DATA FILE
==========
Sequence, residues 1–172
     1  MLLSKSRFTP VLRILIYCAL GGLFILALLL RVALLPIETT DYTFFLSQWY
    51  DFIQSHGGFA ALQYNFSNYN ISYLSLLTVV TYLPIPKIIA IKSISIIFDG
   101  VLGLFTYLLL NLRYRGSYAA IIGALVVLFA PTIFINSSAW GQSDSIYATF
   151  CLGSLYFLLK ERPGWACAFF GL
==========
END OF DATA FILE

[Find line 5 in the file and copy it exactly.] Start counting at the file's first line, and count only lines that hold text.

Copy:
   151  CLGSLYFLLK ERPGWACAFF GL